IL GIORNALE (Italy), WALL STREET JOURNAL (USA)

Worldcrunch

Italian daily newspaper Il Giornale chose a deeply provocative headline for Friday's front page: "Quarto Reich" - Fourth Reich, to comment on Germany's refusal to give the European Central Bank more leeway.

Il Giornale is a right-wing newspaper owned by Silvio Berlusconi"s brother Paolo. "Since yesterday, Italy is no longer in Europe, it is in the Fourth Reich," writes the newspaper's editor-in-chief, Alessandro Sallusti, who writes that Germany has won, but Italy, Europe and the euro have lost after European Central Bank chief Mario Draghi .

Sallusti also says Italian Prime Minister Mario Monti has been defeated, after being "led around for months by the Germans and their false promises." Meanwhile, Mario Draghi, the head of the European Central Bank has lost, had to "bow to the will of Angela Merkel."

In the First Reich, writes Sallusti, "the German head of state also had the title of Emperor of Rome," while two world wars and millions of deaths were not enough to appease the German hegemonic ambitions in the next two Reichs. History repeats itself, "not with cannons, but with the euro." The Germans want Italians and other Europeans to give up and hand over power to the "new Kaiser, Angela Merkel."

"The problem," Sallusti concludes, is that nobody is reacting.

A somewhat more neutral commentator, Allen Mattich of the Wall Street Journal, instead sees Draghi's reaction Thursday as the best option in a tricky situation, "to buy the single currency two or three years; enough time for Europe's politicians to hammer out the fiscal union."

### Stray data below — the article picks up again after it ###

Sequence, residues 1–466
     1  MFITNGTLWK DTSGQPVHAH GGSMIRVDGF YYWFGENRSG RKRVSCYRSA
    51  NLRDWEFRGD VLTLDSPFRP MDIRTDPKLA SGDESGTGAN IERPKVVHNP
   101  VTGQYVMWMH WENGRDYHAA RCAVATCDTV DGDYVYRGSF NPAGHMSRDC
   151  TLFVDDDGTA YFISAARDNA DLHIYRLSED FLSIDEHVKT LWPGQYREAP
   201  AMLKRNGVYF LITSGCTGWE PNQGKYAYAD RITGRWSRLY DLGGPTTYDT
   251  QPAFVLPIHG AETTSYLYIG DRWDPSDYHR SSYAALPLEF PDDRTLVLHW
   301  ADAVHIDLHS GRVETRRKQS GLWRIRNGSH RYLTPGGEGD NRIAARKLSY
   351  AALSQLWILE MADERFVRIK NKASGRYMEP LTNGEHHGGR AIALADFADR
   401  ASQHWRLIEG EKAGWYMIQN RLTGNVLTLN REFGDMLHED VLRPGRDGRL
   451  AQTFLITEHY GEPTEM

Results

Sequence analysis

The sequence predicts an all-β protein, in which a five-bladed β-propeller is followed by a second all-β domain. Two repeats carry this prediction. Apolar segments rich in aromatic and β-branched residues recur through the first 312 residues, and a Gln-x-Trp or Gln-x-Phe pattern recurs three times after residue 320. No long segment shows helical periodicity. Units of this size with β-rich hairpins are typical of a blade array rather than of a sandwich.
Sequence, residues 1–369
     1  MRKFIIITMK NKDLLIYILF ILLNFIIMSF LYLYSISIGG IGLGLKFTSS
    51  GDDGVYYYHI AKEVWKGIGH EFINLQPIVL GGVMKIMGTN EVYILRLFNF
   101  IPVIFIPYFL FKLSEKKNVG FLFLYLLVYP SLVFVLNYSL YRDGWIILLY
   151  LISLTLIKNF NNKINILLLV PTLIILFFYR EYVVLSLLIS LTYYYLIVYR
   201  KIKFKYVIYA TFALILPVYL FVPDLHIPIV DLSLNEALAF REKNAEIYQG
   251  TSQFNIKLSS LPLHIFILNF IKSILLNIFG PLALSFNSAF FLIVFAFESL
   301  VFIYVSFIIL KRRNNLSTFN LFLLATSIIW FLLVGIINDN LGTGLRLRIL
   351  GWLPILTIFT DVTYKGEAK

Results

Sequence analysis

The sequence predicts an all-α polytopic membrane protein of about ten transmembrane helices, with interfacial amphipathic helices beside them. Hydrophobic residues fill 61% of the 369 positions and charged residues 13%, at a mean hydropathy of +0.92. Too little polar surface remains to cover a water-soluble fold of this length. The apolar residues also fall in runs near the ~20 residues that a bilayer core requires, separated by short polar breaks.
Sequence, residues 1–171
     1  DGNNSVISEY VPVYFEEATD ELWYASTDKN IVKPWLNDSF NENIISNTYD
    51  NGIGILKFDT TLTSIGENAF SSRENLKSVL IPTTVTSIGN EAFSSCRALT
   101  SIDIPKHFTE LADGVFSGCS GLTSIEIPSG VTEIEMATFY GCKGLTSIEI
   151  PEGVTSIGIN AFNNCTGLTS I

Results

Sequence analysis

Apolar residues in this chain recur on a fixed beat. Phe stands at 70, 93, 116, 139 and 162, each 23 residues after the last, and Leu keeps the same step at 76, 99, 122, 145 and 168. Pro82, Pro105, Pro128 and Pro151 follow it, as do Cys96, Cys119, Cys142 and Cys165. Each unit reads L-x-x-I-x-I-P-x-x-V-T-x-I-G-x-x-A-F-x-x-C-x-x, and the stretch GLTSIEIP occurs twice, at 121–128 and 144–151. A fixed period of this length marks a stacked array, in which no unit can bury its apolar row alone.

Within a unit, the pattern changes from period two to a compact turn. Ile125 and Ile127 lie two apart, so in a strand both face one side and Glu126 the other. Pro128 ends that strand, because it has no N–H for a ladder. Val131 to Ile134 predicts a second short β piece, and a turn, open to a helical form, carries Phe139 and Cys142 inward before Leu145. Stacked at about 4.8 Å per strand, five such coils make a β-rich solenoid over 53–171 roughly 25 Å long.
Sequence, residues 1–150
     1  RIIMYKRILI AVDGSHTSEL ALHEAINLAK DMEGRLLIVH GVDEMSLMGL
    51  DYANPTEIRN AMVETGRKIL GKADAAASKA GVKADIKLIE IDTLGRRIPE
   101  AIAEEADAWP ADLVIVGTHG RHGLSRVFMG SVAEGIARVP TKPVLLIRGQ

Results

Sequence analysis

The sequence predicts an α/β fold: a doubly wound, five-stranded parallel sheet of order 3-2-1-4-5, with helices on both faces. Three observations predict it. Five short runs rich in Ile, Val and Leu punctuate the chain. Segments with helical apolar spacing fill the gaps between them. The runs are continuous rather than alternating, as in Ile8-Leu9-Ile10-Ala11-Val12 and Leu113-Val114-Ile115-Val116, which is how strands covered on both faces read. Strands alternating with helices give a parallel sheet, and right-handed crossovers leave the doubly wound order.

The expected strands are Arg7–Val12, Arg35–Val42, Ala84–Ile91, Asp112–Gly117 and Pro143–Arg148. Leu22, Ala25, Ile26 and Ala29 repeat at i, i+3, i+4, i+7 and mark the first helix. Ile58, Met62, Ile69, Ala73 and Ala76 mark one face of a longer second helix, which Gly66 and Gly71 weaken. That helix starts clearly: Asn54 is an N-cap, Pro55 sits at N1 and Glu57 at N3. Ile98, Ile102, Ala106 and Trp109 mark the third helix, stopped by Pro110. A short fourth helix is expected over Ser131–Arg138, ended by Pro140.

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Geopolitics

The New Iraq, Signs Of Hope Amid The Rubble And Reconstruction

How do you rebuild a country decimated by four decades of war and embargoes? Following the withdrawal of the U.S. military, Iraq faces many challenges, from oil revenues captured by the militias and endemic corruption to religious segregation. However, there are glimmers of hope for the country's future.

Street scene in Erbil, Iraq

Théophile Simon

BAGHDAD — With a vast office located at the top of a tower fiercely guarded by the army and a bell to call the staff, Khalid Hamza Abbas is obviously a powerful character, decked out in an impeccable suit. Abbas runs the Basra Oil Company (BOC), the national company responsible for the exploitation of the oil fields in the province of Basra, in the very south of Iraq, from which four million barrels of crude oil flow daily. It’s the equivalent of 4% of world demand and 65% of central government revenue concentrated in a region of only four million inhabitants.

As he explains the profit-sharing scheme between the world’s major oil companies and his public enterprise, the 50-year-old with thin glasses is suddenly stopped dead in his tracks by the ringing of his telephone. He tries a joke to mask his suddenly worried face: "I'm going to ask you to leave my office for a few moments. If I haven't called you back in 10 minutes, call the police."

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